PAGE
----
I first fell in love with the ukulele two years ago, when I saw MUK perform as part of the Darebin Music Feast. I’d never played one before – or even entertained the thought that I would – but by the end of that gig, three audience members including myself were converted. I went out the next day and bought my first uke.
We now have three ukuleles as a family – well, I’m the only one who plays them, but the baritone is officially Michael’s. Meg had one, too – in baby pink – but I was really kidding myself when I bought it for her. It had been untouched for almost a year when my ten-year-old niece, Jacqui, over from Adelaide for a visit, picked it up and started playing.
Unbeknown to us, Jacqui had been learning classical guitar for a year. It only took her about three seconds to work out where the notes were and she started picking a blues number. Needless to say, I sent it home with her. If Meg ever wants one again, I’ll happily buy her another.
The other musical activity I’m involved in is singing in a country & western choir called Lipstick and Spurs. I’d no more been a fan of country music than I had of ukuleles when I was asked to add my voice for a recording session that the choir was doing, but again I fell completely in love and have been part of it for a year now. It is the best fun, and the choir members are a fantastic bunch.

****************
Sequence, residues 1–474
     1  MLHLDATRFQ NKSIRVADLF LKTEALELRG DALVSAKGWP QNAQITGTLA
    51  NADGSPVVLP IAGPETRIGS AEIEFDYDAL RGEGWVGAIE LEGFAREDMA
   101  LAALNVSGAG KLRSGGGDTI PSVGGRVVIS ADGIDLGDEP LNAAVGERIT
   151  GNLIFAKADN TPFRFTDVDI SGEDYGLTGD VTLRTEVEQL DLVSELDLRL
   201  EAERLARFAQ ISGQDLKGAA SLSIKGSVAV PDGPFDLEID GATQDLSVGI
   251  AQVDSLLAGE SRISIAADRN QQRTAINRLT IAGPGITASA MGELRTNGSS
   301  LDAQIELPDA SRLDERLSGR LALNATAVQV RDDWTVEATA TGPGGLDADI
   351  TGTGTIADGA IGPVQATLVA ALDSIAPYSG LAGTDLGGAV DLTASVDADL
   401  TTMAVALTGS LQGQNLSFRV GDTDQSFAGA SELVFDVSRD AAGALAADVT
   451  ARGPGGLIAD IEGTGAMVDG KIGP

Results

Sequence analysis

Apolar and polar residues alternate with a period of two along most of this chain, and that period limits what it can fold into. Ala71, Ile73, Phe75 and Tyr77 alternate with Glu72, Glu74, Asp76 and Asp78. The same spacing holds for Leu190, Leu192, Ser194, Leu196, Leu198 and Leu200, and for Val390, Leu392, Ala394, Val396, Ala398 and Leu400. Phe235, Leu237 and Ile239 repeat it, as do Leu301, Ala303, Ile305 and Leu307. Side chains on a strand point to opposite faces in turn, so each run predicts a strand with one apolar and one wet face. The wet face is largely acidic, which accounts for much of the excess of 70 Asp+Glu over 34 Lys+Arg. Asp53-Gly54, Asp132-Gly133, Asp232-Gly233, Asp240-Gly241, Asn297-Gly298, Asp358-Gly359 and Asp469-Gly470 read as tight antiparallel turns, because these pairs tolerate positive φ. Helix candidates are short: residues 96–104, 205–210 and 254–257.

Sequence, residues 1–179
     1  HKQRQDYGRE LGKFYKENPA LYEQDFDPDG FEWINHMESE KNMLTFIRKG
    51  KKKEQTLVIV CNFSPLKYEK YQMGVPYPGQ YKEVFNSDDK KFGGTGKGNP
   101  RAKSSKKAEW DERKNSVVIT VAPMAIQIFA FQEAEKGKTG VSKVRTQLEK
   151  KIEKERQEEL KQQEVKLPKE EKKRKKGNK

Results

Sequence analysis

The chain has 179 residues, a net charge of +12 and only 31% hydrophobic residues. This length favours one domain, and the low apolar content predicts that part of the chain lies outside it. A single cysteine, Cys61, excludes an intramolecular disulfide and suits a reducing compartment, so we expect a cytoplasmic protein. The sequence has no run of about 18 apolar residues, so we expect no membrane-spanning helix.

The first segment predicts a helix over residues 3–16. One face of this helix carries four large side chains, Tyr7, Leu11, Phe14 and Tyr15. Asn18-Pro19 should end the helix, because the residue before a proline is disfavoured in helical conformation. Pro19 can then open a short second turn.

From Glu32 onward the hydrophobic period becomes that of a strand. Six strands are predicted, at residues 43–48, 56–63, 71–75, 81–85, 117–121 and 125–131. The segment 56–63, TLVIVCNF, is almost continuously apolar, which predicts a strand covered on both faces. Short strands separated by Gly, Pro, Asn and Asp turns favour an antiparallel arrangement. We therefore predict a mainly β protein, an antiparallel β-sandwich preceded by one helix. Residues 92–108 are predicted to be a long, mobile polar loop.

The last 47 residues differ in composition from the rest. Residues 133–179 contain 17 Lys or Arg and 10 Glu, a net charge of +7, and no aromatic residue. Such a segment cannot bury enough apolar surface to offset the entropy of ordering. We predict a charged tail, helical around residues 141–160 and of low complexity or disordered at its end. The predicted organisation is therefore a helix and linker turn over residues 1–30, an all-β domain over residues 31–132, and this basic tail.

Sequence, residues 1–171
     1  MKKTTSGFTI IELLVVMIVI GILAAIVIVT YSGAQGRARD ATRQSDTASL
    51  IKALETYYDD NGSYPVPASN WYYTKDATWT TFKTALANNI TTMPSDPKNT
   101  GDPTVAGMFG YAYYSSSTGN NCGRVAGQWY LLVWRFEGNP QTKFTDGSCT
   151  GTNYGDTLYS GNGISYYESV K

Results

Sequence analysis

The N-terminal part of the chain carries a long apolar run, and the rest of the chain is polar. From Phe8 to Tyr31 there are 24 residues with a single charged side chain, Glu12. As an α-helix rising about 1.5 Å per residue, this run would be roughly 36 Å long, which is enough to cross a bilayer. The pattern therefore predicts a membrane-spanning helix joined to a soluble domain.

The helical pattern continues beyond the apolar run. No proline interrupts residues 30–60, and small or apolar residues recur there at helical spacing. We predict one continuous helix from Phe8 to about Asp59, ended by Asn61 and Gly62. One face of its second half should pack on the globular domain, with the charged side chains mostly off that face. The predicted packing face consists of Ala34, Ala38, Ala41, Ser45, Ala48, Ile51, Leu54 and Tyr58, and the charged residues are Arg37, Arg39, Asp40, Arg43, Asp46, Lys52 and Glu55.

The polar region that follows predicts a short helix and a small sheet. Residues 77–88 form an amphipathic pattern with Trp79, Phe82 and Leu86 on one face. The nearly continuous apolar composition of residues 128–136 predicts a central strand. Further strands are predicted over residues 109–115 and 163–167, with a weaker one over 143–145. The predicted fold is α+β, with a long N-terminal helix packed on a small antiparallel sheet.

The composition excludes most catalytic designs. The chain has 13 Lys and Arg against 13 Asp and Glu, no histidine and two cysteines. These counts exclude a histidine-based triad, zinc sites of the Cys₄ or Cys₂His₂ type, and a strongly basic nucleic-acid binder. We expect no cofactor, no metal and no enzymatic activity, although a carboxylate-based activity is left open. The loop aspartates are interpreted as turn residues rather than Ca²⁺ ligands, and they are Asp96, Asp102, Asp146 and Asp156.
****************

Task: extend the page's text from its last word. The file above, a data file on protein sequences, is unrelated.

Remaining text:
I’m a latecomer to music performance, having only realised that I had a ‘voice’ when I was in my twenties. Singing only became really important to me after I lost my voice for eight months, about four years ago. More than anything, I missed singing with Meg and singing along with the radio, though if you’d asked me before I lost my voice, I would have said that I didn’t sing much at all. A persistent weakness has meant that the first thing affected by any stress or illness is my voice, so I have to be really careful with it.
Fortunately for me, singing has also been the best exercise I can give my vocal chords. I bet there aren’t many people who can say that they sing on doctor’s orders (or, at least, on speech pathologist’s orders)!
I may have been a late bloomer in this area, but it has become a really important part of who I am, and it is all so much fun! And life is serious enough – ukuleles, twangy country songs and lots of laughter are a good remedy for it.
About a month ago I was lucky enough to be part of something really fantastic. Before I tell you what it was, I have to give you a bit of background or it won’t really make sense. I play in the Melbourne Ukulele Kollective’s Ukulele Big Band. Daggy, I know, but fantastic fun and life is far too serious not to have fun when you can.
About six weeks earlier we had been contacted by a young man who wanted to book us for a gig. That gig took place on a Wednesday night – rehearsal night – and involved the band playing while he proposed to his girlfriend.
With twenty or so ukes playing “From little things, big things grow”, this young man got down on one knee and asked his girlfriend if she would marry him. Do you have any idea how hard it is to play and sing when you can’t stop your eyes from leaking? I know I’m a softy, but it was seriously one of the sweetest things I’d ever seen.
Long live romance! (I was too busy to take a pic on the night, but the next day I saw these tulips and they seemed like a fitting tribute.)
The corollary to this story is, I believe, that they won a holiday to Hawaii in a radio station competition, because of the fantastic proposal! And what better place than Hawaii for a honeymoon when the proposal was accompanied by ukuleles?!